’s music has taken me there; he has vividly created an interlinking path between my life and his. It is nothing I would be able to see in reality, but what encloses us through means of thick and confined walls is transferred so clearly and purely with ambient and symphonic black metal. Key to the Gate
kicks off with an awfully disturbed and out of place melody, which then follows with groovy and roaring riffs, and I couldn’t possible ask for more as the tortured and raspy scream of the Count emerges. Towards the middle, the atmosphere is appeased little by little, and the tortured screams then turn hopeless and impotently deprived of strength.
Why did I come to this world
Of sorrow why is this true
Where is my dagger of sacrifice
I will open the gate to Hell one day...
- Key to the Gate
Enjoyable melodies such as Lost Wisdom
, make use of the guitars to make alternating riffs, and some nice bridges which transfer you to yet another musical sequence. The guitars are down-tuned and create a strong but gloomy atmosphere. This is taken further with the next song Han Som Reiste
, which describes a long persistent journey; strarring Varg on his awesome toy piano. It is played in a way that is sad, but which also shows a ray of hope. A great refreshing way to divide the album, and to brush into the next song which retakes the original intensity. Naar himmelen klarner
, or when the sky clears. This is a heavy song which suffers the repercussions of the bass and somehow differentiates itself from the rest of the songs. The song has a more thrusting attitude and feature peril instead of inducing sorrow; its solemn but it is thirsty for vengeance as well. The drum kicks in as it is time to embark upon Snu Mikrokosmos Tegn
. This track remains heavy, but also has reinforcement from the battering of the drums, and the regenerated tormenting screech. A perfect harmonization is achieved in this track.
Many are up to speed about the dark history of Varg Vikernes. He is a man who is strongly driven by principles and beliefs, unfortunately too strongly. Some may call him an uninformed socialist. Many are deterred from the music as they take into account the racist and neo-nazist views of this mysterious figure. In 1993, he assassinated a friend, Euronymus, in his apartment. Apparently, there had been a conspiracy against Varg prior to this, that he was going to be back stabbed. Varg acted upon this information, but there is still unstable evidence to justify this; especially since he also put fire to several churches in Norway. The history that lays behind the man makes his creations more realistic, and not something that for him was unequivocal, but based on what he had experienced. This is strangely portrayed in Svarte Troner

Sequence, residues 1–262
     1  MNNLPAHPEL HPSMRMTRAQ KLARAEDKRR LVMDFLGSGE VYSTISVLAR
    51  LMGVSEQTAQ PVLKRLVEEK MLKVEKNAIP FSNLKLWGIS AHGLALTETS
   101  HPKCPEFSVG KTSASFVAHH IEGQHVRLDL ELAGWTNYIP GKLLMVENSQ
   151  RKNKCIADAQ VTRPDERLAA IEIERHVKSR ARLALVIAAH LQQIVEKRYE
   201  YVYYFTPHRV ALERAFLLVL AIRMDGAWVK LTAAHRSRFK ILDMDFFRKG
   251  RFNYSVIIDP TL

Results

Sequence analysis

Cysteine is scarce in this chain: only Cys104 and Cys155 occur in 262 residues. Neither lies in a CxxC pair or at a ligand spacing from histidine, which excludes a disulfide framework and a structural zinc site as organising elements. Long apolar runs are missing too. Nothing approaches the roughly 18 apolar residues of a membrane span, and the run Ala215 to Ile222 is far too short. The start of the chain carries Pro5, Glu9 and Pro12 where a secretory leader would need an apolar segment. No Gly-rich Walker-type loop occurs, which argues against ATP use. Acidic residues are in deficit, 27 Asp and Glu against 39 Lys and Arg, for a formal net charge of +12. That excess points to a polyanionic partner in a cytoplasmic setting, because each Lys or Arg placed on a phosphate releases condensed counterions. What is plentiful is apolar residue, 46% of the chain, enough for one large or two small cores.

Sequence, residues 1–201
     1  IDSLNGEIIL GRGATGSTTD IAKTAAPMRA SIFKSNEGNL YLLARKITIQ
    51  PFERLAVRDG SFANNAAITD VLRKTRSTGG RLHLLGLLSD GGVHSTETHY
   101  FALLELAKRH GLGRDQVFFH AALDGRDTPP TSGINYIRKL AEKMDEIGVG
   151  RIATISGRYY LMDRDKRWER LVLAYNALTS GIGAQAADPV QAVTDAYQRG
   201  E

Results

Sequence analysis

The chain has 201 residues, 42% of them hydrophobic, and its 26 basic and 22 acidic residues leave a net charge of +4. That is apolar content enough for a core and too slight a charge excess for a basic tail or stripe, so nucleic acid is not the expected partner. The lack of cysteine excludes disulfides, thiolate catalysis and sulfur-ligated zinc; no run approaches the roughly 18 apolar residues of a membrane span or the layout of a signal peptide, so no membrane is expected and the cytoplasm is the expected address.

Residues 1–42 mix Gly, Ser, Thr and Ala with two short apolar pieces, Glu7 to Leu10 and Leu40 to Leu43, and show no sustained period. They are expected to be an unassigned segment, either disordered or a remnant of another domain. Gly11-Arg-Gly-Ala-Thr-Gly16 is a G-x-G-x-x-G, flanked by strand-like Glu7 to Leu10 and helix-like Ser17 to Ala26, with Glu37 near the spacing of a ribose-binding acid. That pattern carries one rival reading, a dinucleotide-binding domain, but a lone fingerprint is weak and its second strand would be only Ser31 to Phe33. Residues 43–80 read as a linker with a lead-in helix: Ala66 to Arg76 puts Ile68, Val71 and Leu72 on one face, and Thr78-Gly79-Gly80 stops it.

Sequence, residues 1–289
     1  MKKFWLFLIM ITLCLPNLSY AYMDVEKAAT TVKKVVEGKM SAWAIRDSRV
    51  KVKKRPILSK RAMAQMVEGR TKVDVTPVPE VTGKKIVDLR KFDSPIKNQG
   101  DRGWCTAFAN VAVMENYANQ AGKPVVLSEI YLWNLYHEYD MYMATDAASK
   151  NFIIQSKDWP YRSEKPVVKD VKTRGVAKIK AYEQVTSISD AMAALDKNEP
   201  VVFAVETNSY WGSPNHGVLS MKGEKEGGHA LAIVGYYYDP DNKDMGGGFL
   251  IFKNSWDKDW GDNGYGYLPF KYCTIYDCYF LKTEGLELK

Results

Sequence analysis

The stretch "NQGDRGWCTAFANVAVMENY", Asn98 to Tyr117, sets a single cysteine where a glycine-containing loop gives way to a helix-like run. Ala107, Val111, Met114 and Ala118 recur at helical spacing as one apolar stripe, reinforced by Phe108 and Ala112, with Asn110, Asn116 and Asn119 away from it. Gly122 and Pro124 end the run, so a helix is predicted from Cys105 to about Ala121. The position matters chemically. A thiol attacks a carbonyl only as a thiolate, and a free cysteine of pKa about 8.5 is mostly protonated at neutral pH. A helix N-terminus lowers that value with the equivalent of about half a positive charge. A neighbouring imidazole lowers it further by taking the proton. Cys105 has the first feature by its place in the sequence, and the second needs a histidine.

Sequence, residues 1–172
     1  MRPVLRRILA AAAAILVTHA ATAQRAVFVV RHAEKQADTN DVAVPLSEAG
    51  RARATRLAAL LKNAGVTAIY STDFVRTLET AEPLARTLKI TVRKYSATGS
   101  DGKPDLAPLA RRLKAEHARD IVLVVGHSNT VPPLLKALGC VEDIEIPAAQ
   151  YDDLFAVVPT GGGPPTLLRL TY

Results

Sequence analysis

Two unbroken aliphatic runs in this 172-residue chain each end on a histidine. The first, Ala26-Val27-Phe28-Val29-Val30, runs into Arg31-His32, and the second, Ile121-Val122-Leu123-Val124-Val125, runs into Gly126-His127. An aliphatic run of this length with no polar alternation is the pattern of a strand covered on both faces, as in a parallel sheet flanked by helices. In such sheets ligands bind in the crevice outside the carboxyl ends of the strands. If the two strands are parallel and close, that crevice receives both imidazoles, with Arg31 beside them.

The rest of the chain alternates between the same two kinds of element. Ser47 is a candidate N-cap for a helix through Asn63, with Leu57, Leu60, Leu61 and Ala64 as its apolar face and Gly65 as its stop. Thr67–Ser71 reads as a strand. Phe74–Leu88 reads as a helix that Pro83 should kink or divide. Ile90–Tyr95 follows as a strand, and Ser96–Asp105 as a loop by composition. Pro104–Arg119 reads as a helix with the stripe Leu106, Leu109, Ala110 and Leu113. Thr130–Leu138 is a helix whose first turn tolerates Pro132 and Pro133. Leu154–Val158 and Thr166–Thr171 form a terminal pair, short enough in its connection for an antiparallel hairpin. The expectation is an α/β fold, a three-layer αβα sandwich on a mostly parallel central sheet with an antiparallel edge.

, where he gives out noises that are horrid, and confirm his madness; an extremely random blend of noises.
Denied by the blind church
Cause these are not the words of God
The same God that burnt the
- Lost Wisdom
Of course, Burzum
was also inspired by Lord of the Rings, and the ending track En Ring Til Å Herske
proves this in a raw and progressive manner. Finally, I have no tracks to recommend because they are all unique and awesome. The remaining Burzum
is low on man-power, but this one stealthy figure has proven to be so exuberant. A man who knows himself, but who other don’t know, Count Grishnackh has opened another realm, and an epilogue to the emotion that he has put up with. It is now up to the listener to explore him and reciprocate the emotion that he conveys. Each song on Det Som Engang Var
is different, but complicit of one another, and approaches the sorrow and solemnity in a different instrumental manner. I have never seen, apart from Mirrorthrone, one mastermind who utilizes everything with such proficiency, and I definitely have to recommend to anyone who is a fan of this kind of music. It is an instant classic!